Oxford Handbook of Anaesthesia

Oxford Handbook of Anaesthesia

British Journal of Anaesthesia 89 (2): 346±8 (2002) Book Reviews Oxford Handbook of Anaesthesia. 1st Edn. Keith G. Allman and Iain H. Wilson. Publish...

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British Journal of Anaesthesia 89 (2): 346±8 (2002)

Book Reviews Oxford Handbook of Anaesthesia. 1st Edn. Keith G. Allman and Iain H. Wilson. Published by Oxford University Press, Oxford. Pp. 1139; indexed. Price £19.99. ISBN 0192632736. This book is aimed at anaesthetists who have received at least basic training and is a practical introduction to giving an anaesthetic in different circumstances. The introduction states that the choice of material has been somewhat selective but a large amount of material is covered. Although designed for carrying around in a coat pocket, the book is actually 5 cm thick and weighs about 1 kg, so it is not an insubstantial tome. Because of these dimensions, the book is slightly dif®cult to keep open when reading and there is a tendency to strain the spine, but the paper is of good quality and is unlikely to rip. The editors are two anaesthetists from the Royal Devon and Exeter Hospital, and practitioners from Exeter or the South West Region have written most of the chapters. There is a useful list of abbreviations at the beginning of the book and at the end there is a large appendix on drugs, a comprehensive list of normal values, a machine checklist, some useful website addresses and ®nally, an extremely good index. There are also algorithms for advanced life support for adults, failed intubation and management of suspected anaphylaxis, within the inside covers. The book itself is divided into eight parts starting with preoperative assessment then ranging through the surgical specialties and ®nally covering acute pain and regional anaesthesia. The problems of caring for the critically ill patient are mostly covered within the various specialties and are generally not considered in any great depth apart from the problems of transfers. The authors of the various chapters have been asked to describe their standard technique for various operations. Each operative procedure is classi®ed by a description, then by the time usually taken, degree of pain felt, position of the patient, likely blood loss and a suggested anaesthetic technique. Most of the chapters have very few references to guide further reading. Although the book is meant to be concise, and therefore uses a small font, there is a large amount of wasted space; many pages are barely half full. This makes the layout clearer but a bit of judicious editing could well have reduced the overall thickness. There are few spelling errors, but unfortunately, the ®rst one is in the disclaimer at the very front of the book. Some American English has crept in, but generally the book is easy to read. In such a concise book, there are bound to be areas where one could quibble with the choice and depth of coverage of topics. However, I think trainees will ®nd this handbook useful for dipping into during their clinical practice, when faced with a procedure or problem they have not come across before. It represents good value for money. P. Nightingale Manchester, UK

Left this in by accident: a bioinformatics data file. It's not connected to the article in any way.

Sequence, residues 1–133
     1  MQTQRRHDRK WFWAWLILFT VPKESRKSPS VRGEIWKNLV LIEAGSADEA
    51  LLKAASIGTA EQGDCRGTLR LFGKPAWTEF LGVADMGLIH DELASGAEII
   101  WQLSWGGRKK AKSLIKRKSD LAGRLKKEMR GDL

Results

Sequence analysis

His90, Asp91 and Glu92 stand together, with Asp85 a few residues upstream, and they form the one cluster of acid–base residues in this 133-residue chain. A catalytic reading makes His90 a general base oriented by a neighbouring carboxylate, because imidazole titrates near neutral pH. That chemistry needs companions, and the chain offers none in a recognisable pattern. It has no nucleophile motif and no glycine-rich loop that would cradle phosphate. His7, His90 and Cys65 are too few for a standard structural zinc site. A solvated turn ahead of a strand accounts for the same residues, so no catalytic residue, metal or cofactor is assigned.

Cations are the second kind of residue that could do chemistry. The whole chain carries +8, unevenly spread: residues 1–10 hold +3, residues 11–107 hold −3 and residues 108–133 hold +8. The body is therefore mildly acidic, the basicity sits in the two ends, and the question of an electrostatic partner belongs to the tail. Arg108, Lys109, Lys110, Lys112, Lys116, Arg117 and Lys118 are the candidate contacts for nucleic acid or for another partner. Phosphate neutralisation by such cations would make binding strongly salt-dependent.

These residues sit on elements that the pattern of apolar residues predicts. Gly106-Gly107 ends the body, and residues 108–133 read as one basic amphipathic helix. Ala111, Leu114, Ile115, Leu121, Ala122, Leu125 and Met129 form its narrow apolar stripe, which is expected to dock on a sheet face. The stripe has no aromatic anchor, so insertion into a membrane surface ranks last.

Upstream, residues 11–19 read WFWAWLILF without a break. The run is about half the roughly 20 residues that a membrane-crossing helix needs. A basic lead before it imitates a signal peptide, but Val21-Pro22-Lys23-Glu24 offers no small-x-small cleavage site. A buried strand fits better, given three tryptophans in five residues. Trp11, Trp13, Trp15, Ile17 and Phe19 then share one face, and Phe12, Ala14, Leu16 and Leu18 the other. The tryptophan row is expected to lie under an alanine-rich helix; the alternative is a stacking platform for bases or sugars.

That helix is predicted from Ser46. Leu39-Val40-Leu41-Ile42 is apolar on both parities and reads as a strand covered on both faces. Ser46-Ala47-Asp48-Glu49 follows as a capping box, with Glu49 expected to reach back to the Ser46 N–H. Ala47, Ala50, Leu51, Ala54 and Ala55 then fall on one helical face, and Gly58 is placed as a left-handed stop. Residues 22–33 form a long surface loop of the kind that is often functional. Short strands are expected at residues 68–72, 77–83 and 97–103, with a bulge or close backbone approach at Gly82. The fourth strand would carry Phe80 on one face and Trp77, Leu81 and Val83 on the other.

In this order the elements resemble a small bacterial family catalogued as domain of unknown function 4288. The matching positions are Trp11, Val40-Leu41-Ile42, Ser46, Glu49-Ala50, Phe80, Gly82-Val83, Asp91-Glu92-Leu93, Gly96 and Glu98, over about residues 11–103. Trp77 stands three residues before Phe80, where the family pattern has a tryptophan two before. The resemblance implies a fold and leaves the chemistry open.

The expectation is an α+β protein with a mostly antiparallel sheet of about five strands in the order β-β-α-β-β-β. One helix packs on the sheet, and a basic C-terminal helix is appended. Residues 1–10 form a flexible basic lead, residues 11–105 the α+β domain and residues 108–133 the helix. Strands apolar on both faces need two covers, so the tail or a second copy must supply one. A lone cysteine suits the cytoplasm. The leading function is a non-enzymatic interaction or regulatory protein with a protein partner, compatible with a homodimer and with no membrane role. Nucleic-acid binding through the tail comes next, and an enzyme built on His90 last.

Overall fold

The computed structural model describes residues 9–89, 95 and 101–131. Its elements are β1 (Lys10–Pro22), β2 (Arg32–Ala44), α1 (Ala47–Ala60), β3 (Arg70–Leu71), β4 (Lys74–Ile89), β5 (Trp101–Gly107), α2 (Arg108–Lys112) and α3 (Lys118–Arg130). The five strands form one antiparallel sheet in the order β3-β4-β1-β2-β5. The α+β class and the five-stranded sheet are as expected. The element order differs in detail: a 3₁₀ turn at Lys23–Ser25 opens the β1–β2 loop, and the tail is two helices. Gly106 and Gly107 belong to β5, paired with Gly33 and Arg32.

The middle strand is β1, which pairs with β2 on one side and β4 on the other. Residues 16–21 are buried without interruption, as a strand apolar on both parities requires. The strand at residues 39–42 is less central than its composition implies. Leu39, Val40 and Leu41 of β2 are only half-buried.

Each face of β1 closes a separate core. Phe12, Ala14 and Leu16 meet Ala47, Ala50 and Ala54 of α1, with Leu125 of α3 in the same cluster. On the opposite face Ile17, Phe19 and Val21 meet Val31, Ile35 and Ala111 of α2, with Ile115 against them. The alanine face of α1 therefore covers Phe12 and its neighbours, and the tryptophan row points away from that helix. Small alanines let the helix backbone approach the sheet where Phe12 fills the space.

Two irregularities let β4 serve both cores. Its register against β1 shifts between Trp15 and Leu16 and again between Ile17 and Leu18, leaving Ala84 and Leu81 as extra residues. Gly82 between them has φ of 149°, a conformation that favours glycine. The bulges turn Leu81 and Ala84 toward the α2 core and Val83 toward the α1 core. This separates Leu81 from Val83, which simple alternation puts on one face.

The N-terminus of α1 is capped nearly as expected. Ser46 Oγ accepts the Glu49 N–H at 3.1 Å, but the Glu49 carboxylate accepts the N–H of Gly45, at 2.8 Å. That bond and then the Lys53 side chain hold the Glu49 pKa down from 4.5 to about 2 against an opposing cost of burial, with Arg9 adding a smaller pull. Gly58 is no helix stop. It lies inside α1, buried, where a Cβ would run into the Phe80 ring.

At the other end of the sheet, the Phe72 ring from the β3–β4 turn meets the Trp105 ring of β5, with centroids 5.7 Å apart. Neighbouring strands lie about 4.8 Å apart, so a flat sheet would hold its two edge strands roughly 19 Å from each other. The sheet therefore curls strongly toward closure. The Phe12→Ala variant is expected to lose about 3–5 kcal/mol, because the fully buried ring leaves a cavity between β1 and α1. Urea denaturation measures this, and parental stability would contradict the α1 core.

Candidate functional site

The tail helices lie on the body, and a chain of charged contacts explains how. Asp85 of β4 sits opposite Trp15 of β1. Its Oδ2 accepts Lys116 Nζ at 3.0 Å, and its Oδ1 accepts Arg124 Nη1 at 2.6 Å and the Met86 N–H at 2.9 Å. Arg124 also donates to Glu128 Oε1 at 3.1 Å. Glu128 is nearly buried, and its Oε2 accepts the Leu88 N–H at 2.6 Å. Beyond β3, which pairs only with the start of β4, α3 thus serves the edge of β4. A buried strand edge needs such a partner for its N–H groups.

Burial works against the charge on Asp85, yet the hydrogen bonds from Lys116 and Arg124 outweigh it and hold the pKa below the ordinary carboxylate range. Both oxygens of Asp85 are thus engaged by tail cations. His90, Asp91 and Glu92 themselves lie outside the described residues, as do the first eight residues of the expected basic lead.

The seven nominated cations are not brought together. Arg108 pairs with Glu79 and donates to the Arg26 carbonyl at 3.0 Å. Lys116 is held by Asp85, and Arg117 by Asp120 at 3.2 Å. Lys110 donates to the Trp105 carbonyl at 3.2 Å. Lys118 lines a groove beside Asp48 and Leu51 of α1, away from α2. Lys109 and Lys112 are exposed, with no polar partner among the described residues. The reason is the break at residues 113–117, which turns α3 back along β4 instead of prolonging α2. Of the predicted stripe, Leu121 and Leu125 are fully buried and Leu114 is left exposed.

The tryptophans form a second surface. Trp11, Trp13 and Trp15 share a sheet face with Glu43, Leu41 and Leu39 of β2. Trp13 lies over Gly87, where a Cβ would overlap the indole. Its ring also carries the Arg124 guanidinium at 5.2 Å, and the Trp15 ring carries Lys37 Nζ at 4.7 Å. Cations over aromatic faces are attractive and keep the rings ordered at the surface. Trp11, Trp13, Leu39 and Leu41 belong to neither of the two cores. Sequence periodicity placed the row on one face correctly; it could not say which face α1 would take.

Ó The Board of Management and Trustees of the British Journal of Anaesthesia 2002